Traffic is bumper to bumper as people scrambled to find alternate routes on Friday, March 31, 2017. Many commuters in some of Atlanta's densely populated northern suburbs will have to find alternate routes or ride public transit for the foreseeable future after a massive fire caused a bridge on Interstate 85 to collapse Thursday, completely shutting down the heavily traveled highway. (AP Photo/Alex Sanz)

Atlanta begins 1st full workweek since major bridge collapse

April 03, 2017 - 8:01 am

ATLANTA (AP) — Traffic appeared light Monday morning as the first full workweek opened since the fiery collapse of a major Atlanta interstate bridge, complicating the city's already challenging commute.

The Southeast's largest city faced a tough test even as crews continued working around the clock to remove scorched debris from the collapsed bridge weakened by a fierce blaze on Thursday. A portion of Interstate 85 remained closed as commuters were redirected to take alternate routes to bypass the wrecked area.

Overall, fewer cars were on the road than usual Monday because all metro Atlanta public schools are out for spring break this week.

However, an early morning crash involving at least four vehicles on another major route, Instate 20 carrying commuters into downtown Atlanta, killed one person and temporarily shut down lanes of that road. The wreck forced motorists looking for an alternate way into work off the interstate and onto side streets earlier.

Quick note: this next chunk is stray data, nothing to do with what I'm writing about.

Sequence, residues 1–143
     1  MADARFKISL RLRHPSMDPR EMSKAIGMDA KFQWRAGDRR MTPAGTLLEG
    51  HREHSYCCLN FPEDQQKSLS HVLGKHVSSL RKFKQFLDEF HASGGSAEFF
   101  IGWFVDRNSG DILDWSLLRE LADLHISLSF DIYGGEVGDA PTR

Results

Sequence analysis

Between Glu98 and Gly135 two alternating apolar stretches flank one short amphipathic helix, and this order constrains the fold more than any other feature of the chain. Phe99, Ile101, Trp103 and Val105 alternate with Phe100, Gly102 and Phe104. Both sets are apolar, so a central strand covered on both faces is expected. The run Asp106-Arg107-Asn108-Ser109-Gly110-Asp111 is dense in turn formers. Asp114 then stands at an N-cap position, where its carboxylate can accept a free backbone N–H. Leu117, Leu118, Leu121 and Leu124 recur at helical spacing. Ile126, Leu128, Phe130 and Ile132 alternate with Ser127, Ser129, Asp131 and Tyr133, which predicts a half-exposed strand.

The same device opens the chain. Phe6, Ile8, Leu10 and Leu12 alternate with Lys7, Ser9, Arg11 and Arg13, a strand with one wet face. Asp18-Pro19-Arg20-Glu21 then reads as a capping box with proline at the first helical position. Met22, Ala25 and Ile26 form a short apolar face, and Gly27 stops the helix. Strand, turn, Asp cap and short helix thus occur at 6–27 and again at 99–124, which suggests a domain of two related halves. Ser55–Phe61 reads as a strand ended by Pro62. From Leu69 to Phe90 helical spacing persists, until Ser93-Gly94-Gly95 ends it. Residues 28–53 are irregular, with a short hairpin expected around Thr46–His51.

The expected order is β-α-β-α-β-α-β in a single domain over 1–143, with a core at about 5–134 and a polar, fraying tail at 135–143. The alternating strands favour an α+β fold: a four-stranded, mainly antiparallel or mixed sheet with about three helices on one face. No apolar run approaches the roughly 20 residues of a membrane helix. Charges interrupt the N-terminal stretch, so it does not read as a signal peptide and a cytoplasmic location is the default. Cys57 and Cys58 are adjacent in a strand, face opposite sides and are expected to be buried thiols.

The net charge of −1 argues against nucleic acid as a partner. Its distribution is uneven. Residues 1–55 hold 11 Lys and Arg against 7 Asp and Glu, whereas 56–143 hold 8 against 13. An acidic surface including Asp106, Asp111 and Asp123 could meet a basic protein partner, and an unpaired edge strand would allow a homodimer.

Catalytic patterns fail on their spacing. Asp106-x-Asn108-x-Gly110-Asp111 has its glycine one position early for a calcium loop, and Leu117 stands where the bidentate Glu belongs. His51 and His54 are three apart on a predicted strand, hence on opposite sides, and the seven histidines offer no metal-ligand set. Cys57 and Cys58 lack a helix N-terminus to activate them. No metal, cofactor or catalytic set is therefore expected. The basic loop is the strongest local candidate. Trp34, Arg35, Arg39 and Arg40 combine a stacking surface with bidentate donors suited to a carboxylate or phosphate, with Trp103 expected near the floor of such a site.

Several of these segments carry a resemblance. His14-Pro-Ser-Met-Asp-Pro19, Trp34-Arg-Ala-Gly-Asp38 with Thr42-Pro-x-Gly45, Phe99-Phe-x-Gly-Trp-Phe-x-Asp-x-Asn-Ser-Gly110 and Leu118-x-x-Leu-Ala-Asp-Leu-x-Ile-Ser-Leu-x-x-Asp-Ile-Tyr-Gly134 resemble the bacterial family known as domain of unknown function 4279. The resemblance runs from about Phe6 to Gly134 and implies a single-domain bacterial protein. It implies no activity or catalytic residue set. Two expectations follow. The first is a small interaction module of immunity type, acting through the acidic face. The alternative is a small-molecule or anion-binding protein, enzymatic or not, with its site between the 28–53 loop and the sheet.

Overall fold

The closed section of I-85 is a key link to some of the city's biggest suburbs. It carries about 400,000 vehicles a day in a city where there are surprisingly few alternative routes for its size.

Officials pledged after the collapse of the 350-foot section of Interstate 85 that a replacement bridge would be built as soon as possible, but could take months.

The Metropolitan Atlanta Rapid Transit Authority said additional service will be provided.

Friday's commute the day after the fire saw major delays as commuters swamped Atlanta's mass-transit system and other highways. But that was with some schools and a number of nearby offices closed in the immediate aftermath of the fire.

Authorities said the fire was started by a man who had talked about smoking crack prior to the fire that broke out under the bridge in an area north of downtown Atlanta where the state of Georgia stores noncombustible construction materials. The blaze rapidly grew with smoke billowing high above the city's skyline. It didn't take long before chunks of concrete weakened by the high heat began flying off the bridge, leaving firefighters scrambling away for safety. No one was injured.

Basil Eleby was charged with first-degree arson and first-degree property damage. He remains in jail on a $200,000 bond. Two other people with him were charged with criminal trespass, authorities said.

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This story has been edited to clarify that authorities said the suspect talked about smoking crack prior to the fire rather than that he smoked it.

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